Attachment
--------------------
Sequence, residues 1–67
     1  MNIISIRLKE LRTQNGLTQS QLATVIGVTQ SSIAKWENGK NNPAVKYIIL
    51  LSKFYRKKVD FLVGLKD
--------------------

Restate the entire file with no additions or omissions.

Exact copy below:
Sequence, residues 1–67
     1  MNIISIRLKE LRTQNGLTQS QLATVIGVTQ SSIAKWENGK NNPAVKYIIL
    51  LSKFYRKKVD FLVGLKD